Beyond everyone's undeniable virtuosity, some of Fellowship's most defining qualities were the way that, scored or improvised, Walden and Butler's lines orbited in, out and around each other, often creating the impression of a larger section. Cowherd remains one of music's (and not just jazz) hidden treasures, with too few solo albums (albeit including 2014's stellar ArtistShare recording, Mercy) and a résumé that includes, along with Blade, recording and/or touring with everyone from Lizz Wright and Rosanne Cash to Cassandra Wilson and Iggy Pop.

Blade's relaxed, completely liquid command of his kit has made him one of the most in-demand players of his generation, with an even larger C.V. that includes, in addition to Wayne Shorter's nearly two-decade old quartet, collaborations with artists ranging from Emmylou Harris, Daniel Lanois and Joni Mitchell to Bob Dylan, John Scofield and Shawn Colvin. Together with Cowherd, he's responsible for Fellowship's material but there's absolutely no doubt that the band would not be what it is without the longstanding chemistry, friendship and, yes, fellowship the two share with Thomas, Walden and Butler.

Together for 20 years, Brian Blade & The Fellowship Band have evolved into not just one of jazz's most longstanding ensembles, but one of its most distinctive in its blend of jazz and various other American music traditions, its five members' mitochondrial connection, and a sense of joy, each time they play together, that is as palpable and deep as it is captivating and commanding, it's hard to imagine this influential ensemble continuing to improve and becoming even more connected over time—even when separated by, in some cases, many years—but it does. And with its appearance at the 2018 FIJM the clearest evidence anyone needs, its performance will certainly go down as another milestone in this year's already high bar.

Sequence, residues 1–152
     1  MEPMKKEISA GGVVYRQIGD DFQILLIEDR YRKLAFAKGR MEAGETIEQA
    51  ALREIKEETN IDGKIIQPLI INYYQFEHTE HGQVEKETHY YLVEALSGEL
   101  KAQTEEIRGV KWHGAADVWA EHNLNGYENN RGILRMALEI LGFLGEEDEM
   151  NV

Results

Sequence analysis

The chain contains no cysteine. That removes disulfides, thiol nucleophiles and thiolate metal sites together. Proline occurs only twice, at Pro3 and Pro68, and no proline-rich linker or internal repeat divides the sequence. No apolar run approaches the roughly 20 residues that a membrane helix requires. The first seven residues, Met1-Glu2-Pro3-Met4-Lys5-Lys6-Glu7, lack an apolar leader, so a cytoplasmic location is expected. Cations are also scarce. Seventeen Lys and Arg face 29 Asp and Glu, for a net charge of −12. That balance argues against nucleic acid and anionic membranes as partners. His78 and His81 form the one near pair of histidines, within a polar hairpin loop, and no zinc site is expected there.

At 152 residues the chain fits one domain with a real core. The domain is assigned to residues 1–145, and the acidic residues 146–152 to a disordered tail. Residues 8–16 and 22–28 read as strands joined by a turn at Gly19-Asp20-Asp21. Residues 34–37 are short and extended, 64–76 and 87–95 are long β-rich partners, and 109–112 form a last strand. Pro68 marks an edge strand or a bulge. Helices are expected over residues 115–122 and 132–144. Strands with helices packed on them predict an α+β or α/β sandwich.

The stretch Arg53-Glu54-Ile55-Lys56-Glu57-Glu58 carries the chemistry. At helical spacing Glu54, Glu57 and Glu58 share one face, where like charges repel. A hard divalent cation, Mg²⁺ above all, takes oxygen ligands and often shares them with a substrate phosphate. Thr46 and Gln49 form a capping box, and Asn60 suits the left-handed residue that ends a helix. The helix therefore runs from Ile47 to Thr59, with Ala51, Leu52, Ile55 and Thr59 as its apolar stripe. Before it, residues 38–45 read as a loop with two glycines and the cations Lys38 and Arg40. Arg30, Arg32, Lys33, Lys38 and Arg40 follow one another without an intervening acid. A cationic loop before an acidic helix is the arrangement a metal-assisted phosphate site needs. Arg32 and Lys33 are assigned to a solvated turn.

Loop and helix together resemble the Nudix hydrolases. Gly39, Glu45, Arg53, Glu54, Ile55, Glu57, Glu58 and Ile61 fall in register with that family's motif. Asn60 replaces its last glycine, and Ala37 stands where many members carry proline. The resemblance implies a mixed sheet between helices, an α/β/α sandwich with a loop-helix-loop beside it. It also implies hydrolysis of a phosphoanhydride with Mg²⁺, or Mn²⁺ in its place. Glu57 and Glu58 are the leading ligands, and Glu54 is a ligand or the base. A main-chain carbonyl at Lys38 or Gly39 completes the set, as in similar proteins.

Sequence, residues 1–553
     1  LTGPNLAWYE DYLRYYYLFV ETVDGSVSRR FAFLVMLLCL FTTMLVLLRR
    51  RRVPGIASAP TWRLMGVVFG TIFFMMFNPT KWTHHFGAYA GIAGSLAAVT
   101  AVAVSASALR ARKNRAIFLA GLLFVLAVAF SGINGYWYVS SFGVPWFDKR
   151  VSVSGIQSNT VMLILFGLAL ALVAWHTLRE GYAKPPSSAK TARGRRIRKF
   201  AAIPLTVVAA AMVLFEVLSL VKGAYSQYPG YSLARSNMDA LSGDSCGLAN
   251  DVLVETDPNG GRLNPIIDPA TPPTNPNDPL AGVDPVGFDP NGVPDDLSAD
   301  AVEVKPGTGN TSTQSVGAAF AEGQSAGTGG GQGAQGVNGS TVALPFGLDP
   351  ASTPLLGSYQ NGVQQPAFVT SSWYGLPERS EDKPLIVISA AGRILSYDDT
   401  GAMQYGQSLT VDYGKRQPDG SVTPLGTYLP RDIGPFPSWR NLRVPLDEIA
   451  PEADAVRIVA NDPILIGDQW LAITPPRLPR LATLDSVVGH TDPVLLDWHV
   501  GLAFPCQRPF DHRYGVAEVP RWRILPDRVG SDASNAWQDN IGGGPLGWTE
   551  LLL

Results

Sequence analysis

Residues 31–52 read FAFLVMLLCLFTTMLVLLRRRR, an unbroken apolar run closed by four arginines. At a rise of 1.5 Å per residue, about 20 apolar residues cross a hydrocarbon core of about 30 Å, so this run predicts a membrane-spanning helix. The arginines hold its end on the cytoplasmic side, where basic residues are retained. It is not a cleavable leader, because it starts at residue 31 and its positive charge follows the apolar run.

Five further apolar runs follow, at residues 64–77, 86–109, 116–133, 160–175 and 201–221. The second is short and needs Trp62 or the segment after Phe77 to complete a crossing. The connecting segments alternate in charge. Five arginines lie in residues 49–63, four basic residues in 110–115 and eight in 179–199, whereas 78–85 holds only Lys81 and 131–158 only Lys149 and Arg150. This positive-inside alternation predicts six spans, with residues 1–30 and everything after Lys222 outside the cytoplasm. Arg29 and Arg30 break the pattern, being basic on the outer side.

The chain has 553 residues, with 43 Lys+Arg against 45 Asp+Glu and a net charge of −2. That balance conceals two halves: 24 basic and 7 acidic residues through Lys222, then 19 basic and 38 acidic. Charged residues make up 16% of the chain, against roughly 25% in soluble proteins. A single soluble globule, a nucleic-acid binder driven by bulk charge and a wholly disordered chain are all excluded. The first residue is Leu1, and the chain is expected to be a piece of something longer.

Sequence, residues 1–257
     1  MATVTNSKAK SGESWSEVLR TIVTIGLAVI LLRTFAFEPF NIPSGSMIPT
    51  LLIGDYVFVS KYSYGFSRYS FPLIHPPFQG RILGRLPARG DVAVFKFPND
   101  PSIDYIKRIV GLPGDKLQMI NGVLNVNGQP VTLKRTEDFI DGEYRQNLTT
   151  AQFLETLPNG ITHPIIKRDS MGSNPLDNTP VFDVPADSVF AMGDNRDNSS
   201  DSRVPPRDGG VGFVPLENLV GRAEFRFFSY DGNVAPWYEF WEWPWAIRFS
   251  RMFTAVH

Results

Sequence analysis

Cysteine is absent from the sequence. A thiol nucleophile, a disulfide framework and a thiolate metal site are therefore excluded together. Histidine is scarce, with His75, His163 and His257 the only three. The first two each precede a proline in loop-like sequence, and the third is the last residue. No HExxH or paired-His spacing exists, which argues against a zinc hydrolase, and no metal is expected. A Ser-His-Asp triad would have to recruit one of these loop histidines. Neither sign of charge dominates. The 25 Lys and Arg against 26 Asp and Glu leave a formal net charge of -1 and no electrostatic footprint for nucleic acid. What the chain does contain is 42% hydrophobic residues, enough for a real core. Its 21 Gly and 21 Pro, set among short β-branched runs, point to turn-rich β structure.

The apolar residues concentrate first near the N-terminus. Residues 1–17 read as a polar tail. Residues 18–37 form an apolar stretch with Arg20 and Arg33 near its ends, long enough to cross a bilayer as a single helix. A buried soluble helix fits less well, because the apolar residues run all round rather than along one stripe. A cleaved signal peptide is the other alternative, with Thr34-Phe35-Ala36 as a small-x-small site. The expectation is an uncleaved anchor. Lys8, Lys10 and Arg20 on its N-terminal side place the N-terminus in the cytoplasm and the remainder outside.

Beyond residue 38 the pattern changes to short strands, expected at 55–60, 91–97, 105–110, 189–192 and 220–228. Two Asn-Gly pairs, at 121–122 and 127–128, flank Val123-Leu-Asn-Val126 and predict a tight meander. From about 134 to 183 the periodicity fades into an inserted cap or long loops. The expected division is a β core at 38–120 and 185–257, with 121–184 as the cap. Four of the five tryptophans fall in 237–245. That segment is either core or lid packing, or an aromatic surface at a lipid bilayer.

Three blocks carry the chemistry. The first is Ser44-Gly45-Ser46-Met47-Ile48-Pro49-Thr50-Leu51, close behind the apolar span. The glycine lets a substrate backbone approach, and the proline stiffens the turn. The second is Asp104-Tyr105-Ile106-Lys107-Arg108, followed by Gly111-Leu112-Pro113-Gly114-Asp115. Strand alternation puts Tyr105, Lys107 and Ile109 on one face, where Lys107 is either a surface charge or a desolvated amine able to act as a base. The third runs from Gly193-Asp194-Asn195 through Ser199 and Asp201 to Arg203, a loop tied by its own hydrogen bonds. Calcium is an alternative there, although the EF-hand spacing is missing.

And so, with the Fellowship Band show over, so too does another year of Festival International de Jazz de Montréal coverage wrap up, with All About Jazz's Mark Sullivan picking up the baton and seeing the festival through to its conclusion in a few days.

Beyond being a landmark festival with an embarrassment of riches, it's important to shine a light on the festival's media staff, which treats journalists from Montréal and abroad with the kind of friendly professionalism that ensures their needs are always met. Much of the time the staff are invisible, having done their jobs so well that journalists need rarely ask for help. But when help is needed, they're always there to take care of anything and everything, quickly and completely.

With 2019 looming as the festival's 40th anniversary, it's likely that this already massive festival already has something even bigger in mind. It'll be a long wait, but when the festival rolls out its 2019 program, there's little doubt that it's going to be something very special.

Photo Credit: Dave Kaufman